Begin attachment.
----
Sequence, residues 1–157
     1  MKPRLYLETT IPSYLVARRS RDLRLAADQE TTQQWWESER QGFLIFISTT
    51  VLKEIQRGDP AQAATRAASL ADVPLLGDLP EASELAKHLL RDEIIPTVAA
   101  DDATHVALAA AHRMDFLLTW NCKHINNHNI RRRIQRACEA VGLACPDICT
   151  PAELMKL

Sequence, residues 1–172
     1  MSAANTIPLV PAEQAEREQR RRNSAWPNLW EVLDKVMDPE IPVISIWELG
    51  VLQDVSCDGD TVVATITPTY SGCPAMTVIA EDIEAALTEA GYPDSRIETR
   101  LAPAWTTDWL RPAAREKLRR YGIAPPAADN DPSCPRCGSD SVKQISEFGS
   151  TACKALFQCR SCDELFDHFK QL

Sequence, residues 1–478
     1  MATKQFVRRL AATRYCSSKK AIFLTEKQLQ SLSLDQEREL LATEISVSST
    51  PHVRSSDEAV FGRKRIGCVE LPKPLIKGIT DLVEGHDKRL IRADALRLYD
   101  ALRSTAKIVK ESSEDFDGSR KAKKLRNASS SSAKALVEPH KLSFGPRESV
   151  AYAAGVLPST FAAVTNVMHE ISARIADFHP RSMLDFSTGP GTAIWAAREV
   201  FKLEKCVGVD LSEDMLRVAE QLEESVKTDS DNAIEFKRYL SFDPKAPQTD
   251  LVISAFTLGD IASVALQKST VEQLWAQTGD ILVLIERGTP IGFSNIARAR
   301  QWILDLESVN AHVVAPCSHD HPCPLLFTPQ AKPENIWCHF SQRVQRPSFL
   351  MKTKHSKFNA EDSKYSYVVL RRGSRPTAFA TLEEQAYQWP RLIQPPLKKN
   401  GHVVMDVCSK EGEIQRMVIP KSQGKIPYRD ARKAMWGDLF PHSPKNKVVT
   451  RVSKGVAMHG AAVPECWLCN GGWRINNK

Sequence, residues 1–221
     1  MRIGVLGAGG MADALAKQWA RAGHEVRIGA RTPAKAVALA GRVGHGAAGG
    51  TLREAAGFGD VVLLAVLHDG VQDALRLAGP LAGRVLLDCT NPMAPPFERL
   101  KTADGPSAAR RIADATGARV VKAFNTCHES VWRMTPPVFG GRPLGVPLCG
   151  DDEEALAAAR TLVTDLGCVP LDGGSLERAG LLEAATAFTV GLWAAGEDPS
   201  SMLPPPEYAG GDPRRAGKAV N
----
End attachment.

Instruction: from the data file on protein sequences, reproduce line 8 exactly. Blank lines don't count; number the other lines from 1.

    51  VLQDVSCDGD TVVATITPTY SGCPAMTVIA EDIEAALTEA GYPDSRIETR